Most of my practice sessions have a goal, a specific aim for the time spent on a range. Granted, sometimes I simply go out and shoot for fun. Since I shoot a lot I give myself periods of recreational archery.
Because I started archery late in life, less than 3 years ago, and I take it more seriously than a fun hobby, I need to do things that will rapidly improve my performance. As I’ve mentioned in the past there are only two sports where someone over 50 years old can become an elite: shooting and archery.
Some data suggests the process of becoming an elite athlete in any sport can take a decade. Other data indicates that’s not necessary true citing examples of athletes earning Gold Medals at the Olympics after only a few years of training at a specific new sport. Currently, I’m reading a book about a fellow, Rich Roll, an unfit 40 year old that became a World Champion at an Ultra distance triathlon at age 42. That does seem rare and extreme. In sports, I think there is a practical and achievable middle ground to achieve excellent – that is it is not 10 years and not 2 years for the most part. My best guess is that it takes 4 – 6 years for a novice archer (never have shot a bow) to reach a level of elite status (depending on the archer’s age and physical fitness) if sound training and some science is applied to performance development.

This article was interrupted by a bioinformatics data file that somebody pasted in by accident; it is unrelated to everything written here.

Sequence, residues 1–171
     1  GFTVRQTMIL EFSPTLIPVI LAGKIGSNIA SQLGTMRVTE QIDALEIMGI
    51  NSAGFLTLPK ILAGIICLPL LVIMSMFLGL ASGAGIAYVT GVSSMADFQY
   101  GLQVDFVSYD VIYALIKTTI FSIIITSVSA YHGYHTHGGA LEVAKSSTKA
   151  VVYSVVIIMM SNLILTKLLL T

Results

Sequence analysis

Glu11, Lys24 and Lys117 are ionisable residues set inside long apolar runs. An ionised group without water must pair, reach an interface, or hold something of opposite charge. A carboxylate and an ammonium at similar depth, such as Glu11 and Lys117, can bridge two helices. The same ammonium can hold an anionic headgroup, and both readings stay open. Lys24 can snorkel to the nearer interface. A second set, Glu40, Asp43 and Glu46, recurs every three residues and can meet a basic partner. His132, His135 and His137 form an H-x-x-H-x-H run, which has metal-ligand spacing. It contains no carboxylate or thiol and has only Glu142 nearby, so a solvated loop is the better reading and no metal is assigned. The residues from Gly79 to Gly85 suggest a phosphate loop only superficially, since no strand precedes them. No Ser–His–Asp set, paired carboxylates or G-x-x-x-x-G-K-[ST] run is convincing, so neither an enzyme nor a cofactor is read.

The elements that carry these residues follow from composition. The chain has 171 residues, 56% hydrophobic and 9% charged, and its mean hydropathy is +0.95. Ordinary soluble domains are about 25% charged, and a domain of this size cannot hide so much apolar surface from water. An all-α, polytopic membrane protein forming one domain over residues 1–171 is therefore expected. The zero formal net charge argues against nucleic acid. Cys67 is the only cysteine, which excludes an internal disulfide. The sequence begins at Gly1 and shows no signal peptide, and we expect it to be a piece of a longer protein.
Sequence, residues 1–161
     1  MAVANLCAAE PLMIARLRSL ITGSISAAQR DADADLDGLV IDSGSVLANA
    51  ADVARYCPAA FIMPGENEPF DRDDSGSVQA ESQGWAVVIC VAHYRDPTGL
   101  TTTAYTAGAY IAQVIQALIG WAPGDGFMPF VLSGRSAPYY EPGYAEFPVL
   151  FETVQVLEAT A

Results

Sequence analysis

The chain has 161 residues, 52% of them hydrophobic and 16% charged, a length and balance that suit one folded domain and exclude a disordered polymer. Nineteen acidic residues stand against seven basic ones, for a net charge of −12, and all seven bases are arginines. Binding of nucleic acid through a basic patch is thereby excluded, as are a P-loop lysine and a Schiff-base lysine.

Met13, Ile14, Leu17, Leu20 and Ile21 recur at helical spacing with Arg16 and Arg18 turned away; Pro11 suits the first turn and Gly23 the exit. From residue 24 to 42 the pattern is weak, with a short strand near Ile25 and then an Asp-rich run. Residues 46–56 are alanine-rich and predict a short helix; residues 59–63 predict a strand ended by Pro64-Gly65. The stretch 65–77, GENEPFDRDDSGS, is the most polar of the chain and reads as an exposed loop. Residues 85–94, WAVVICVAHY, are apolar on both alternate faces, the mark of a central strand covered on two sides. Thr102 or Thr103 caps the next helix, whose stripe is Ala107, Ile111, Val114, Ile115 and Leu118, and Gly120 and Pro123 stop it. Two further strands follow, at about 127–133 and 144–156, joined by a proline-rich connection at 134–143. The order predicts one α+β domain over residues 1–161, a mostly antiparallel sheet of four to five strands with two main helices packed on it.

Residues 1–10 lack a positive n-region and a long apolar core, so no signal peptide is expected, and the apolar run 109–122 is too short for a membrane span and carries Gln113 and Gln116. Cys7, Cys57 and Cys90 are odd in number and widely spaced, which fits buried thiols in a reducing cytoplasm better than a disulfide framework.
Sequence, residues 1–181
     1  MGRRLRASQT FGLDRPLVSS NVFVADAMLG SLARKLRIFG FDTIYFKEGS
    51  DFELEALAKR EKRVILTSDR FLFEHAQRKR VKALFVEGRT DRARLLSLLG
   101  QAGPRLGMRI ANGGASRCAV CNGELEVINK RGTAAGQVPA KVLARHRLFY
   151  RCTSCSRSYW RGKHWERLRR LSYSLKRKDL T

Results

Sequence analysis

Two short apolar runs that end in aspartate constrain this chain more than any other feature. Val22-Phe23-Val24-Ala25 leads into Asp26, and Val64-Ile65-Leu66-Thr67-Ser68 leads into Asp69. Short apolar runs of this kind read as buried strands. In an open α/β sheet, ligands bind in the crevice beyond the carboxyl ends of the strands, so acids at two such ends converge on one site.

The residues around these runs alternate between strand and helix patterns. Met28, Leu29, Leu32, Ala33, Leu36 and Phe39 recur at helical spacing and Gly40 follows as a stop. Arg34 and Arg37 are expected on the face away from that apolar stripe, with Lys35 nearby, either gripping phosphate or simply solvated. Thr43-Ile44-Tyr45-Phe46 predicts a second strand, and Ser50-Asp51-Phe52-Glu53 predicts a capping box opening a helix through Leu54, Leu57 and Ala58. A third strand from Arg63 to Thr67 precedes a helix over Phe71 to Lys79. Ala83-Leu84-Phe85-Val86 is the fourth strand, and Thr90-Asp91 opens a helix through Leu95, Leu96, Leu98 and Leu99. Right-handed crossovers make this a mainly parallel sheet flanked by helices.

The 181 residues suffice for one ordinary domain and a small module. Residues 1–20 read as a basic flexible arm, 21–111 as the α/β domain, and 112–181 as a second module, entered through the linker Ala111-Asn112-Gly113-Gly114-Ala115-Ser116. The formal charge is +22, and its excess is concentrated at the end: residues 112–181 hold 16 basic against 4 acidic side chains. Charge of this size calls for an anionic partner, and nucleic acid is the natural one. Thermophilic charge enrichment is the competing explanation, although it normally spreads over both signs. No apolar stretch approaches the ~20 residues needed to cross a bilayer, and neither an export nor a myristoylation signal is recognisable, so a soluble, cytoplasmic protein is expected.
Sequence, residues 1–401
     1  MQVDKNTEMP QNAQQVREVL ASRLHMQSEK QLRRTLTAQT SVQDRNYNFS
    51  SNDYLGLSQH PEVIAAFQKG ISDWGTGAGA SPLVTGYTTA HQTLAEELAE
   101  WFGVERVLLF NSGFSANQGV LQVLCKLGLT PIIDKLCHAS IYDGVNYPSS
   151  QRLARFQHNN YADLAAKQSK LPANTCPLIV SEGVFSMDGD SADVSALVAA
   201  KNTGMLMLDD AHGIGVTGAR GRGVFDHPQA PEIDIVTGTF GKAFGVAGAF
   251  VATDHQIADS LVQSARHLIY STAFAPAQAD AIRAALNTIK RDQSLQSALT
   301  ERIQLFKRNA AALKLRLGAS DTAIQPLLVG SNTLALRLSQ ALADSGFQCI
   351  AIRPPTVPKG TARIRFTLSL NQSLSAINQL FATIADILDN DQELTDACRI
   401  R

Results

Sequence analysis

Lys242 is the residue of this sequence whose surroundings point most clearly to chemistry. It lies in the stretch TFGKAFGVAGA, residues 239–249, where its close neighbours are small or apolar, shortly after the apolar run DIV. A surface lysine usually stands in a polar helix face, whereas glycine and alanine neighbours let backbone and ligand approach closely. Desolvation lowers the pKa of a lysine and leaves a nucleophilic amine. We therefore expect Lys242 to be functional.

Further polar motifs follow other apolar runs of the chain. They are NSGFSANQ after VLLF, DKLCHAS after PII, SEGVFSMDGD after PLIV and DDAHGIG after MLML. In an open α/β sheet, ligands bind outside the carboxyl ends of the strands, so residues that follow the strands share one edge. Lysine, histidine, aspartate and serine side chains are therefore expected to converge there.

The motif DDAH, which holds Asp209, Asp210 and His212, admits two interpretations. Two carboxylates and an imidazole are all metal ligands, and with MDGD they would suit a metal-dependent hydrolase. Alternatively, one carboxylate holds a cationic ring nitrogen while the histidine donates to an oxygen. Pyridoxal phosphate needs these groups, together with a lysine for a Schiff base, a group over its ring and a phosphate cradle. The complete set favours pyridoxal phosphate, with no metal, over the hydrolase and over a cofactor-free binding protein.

Going out and shooting at targets can make a novice shooter better. It is unlikely that technique is going to turn a novice into a bono fide professional level archer. In order to reach the highest level of archery, aside from good coaching and lots of practice, having a training regime is critical.
At times, as part of a customized training schedule, deliberate practice can be a bit boring. Today’s morning practice fit the criteria for being a tad on the dull side of shooting.
Here’s how it went (specific for 3D in this case): First, 30-arrow warm-up on paper from 20 to 40 yards. Next, shoot small 3D targets (badger, bobcat and a turkey). Start at 20 yards and shoot 4 arrows, repeat at 25, 30, 35, 40, 45 and 50 yards. Finally repeat that sequence on larger 3D targets (a bear and a deer). In total that’s 170 shots.
What this does, for me, is to provide a feel for the distances I come across in 3D tournaments. This afternoon, I shot only about 40 arrows, 30 at paper to check my sight followed by 10 more shots, one arrow per 3D animal target. I’ll finish with 3D and having a light workout in the afternoon. This will allow time for recovery prior to tomorrow’s competition. It also leaves me with the last targets I’ve seen being 3D.
The key objective for this practice day was working on yardage. I finished the day with over 200 arrows shot. I don’t always set an arrow count as a goal. Some of my practice days there is a specific quantity of arrows I’ll shoot. Other days, the practice is based on time. But, today the focus was on yardage.